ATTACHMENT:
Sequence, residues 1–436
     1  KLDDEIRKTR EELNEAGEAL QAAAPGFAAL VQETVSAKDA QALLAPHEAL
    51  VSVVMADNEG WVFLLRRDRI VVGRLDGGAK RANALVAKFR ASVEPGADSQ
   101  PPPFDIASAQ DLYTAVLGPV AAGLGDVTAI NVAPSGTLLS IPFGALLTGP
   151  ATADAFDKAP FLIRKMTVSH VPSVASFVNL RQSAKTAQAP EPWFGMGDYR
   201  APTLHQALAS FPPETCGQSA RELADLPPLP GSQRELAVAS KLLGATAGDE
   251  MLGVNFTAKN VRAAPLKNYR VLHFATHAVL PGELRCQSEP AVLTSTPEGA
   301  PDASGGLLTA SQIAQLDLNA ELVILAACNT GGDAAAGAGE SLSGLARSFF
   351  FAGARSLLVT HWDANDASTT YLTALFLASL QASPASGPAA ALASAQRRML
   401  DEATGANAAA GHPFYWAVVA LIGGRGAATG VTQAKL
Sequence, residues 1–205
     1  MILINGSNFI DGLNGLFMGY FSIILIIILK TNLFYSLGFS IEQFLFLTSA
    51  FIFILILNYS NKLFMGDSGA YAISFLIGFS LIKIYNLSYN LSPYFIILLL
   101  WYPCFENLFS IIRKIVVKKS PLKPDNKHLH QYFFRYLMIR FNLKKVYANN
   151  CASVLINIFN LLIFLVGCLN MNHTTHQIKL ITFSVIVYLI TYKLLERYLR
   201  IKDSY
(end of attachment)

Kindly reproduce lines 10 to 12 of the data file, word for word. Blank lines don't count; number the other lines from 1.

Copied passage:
   401  DEATGANAAA GHPFYWAVVA LIGGRGAATG VTQAKL
Sequence, residues 1–205
     1  MILINGSNFI DGLNGLFMGY FSIILIIILK TNLFYSLGFS IEQFLFLTSA